Jenkinsfile is a kind of addition to version control systems. It works with
pipelines and textfiles.
This is a nice example to demonstrate the interactive vs. the programmed approach, i.e. the differences.
The process can be split in three parts, as OQ points out:
1) open FILE in a interactive (and thus: visual) editor
2) ADD 2 lines. Line noise lines. Add (or insert) where?
3) Save. Mentioned extra
:wq. But we dont do key macros here.
Now you translate to automated. I keep it simple first, wurtel's HERE document is a good start. But is this a finished "solution"? I propose:
Create a file with these two lines alone. They are constant, and they contain dollar signs. Call it
gradle-lines for now. Good investment anyway:
Now you can
cat gradle-lines >>filename.sh
alias grad-append='cat gradle-lines >>' you can type
...to run an alias with a filename. Any filename.
grad-append filename.sh is short for
cat gradle-lines >> filename.sh
I have nothing else really to show! (So simple)
A solution with
sed -i seems an alternative. A must if you plan to insert these lines at a special place. Besides perl etc., but that is another caliber and really not needed here.
Anyway it's two slightly different elemantary steps: appending
>> and aliasing.
But Jenkinspipe and
>> of a two-line file should be n.p. Need more specs for that.
I tested all this. I mean I tested much more until I realized a file with the two lines and a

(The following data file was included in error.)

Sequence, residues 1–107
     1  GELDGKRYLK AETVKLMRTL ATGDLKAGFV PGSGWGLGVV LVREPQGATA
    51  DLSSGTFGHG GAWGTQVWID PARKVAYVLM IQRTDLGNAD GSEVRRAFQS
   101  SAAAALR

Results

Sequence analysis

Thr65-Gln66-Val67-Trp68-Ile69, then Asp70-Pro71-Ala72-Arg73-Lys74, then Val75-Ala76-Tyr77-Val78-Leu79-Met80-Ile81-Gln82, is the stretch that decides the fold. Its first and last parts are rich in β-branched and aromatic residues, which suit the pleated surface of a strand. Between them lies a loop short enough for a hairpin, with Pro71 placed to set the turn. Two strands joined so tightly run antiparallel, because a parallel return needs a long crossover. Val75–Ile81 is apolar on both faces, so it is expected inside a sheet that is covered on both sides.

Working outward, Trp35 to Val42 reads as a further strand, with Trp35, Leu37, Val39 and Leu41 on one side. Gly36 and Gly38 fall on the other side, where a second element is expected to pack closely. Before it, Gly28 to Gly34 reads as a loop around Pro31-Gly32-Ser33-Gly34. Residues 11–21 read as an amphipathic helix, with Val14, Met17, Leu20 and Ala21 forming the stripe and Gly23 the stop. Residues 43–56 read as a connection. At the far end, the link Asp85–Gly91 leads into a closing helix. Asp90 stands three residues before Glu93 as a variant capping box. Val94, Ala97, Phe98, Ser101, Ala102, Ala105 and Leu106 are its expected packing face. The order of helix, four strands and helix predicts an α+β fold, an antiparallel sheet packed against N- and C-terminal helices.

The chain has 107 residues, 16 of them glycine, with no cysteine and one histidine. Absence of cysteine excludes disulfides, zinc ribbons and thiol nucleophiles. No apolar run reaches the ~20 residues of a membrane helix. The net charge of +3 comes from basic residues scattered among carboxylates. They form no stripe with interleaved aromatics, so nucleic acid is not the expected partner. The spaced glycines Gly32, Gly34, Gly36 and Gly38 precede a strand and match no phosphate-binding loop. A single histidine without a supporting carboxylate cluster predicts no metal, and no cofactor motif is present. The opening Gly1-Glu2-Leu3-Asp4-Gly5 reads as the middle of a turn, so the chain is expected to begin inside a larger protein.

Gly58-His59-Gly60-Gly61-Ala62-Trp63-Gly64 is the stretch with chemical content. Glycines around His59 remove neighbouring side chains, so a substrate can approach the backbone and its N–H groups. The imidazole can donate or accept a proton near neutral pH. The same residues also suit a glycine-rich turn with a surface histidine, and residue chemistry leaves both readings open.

>> suffice. Nasty Q!
I started this Q by commenting quite positively on wurtel's answer; here is his main solution I mention above, the HERE document. I have to give credit to him, formally. I swear I took a detour involving
info sed and
tmpf=mktemp and even
cp $(mktemp) but then append to which file? Here wurtel's HERE:
If you only want to append those lines, do something like:
cat >> filename.sh <<'EOF'
This will also work if the file doesn't exist yet.
If you put this in a script or function it would be called
grad-append as in my solution. But this one is a function (luckily) because it needs (sadly) a positional parameter
$1. "filename.sh" is now hard-coded.
And that here document also lacks modularity; function and data are mixed. It could be perfect for certain situations. But my variation is more flexible and direct.
What if he -- only once in while -- wants to
:read gradle-lines into vim interactively? My solution has reusable modules as side effect.